In New York City, owners violated zoning regulations and opened up their basements, garages, and other floors to rent to people (particularly low-income immigrants) priced out of the formal market. The more than 100,000 illegal dwelling units in New York City (NYC) were referred to as “granny units,” “illegal twos or threes,” or “accessory units.” Due to the safety and habitability considerations of “alter[ing] or modif[ying] of an existing building to create an additional housing unit without first obtaining approval from the New York City Department of Buildings (DOB),” the City government devoted a lot of resources to detecting and stopping such illegal conversion. Recently, however, Mayor Bill de Blasio proposed to legalize such illegal dwelling units to increase the City’s rent-regulated housing stock. The question remains as to whether crackdown or legalization is the right policy.
Such illegal housing is not unique to NYC. Shenzhen, a city in south China that experienced a population explosion from 300,000 to over 10 million within three decades, faces the same problem as NYC: legal housing supply cannot catch up with the population growth, resulting in prevalent illegal housing supply. Almost half of Shenzhen’s buildings have been built illegally and now host over eight million migrant workers and low-income residents. In the past three decades, the Shenzhen city government has swung between legalization and crackdown of such illegal buildings, neither of which has resolved the problem. Due to the large number of illegal apartments, the “crackdown” option has proven to be impossible, while legalization has incurred huge information costs and encouraged more illegal constructions. In more recent years, though, the Shenzhen city government has discovered an effective policy: Keeping the city government’s zoning power intact while granting an option to owners of illegal housing to buy an exemption. The lesson from Shenzhen is that options matter at least as much as the allocation of initial entitlements. In the case of prevalent zoning violations, these options should be granted to parties that have the best information to make decisions — the numerous individual owners rather than the government. I propose that this optional zoning approach should be taken in dealing with illegal housing in New York City.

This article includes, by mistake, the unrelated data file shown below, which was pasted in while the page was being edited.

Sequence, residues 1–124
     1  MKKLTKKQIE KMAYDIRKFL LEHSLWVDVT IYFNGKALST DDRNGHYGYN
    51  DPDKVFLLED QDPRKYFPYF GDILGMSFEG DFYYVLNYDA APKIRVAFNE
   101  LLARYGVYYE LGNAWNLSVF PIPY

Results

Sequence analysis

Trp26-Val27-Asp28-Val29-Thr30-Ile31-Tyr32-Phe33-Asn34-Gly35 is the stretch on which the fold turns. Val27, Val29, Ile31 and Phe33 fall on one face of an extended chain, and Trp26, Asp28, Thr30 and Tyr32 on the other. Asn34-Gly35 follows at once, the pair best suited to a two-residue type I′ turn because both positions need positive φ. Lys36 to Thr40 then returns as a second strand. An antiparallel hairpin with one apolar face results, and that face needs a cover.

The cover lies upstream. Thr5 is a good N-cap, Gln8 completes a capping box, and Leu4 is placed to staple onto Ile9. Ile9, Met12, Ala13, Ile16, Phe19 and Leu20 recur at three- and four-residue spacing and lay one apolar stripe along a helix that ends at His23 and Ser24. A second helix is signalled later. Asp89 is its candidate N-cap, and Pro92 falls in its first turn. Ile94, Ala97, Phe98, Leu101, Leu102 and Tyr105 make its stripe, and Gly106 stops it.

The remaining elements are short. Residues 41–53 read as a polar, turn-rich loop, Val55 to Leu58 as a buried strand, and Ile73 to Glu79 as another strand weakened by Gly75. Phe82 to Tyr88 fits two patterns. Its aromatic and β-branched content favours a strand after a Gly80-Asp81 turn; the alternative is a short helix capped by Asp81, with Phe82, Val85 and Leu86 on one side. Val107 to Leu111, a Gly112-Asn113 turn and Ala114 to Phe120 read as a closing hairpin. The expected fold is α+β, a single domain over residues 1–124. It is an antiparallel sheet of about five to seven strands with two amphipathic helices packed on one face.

Shitong Qiao, Dealing with Illegal Housing: What Can New York City Learn from Shenzhen?, 43 Fordham Urban Law Journal 713-740 (2016)
Library of Congress Subject Headings
Housing--Law and legislation, Zoning law, Right of property, Land use--Law and legislation, Housing--Economic aspects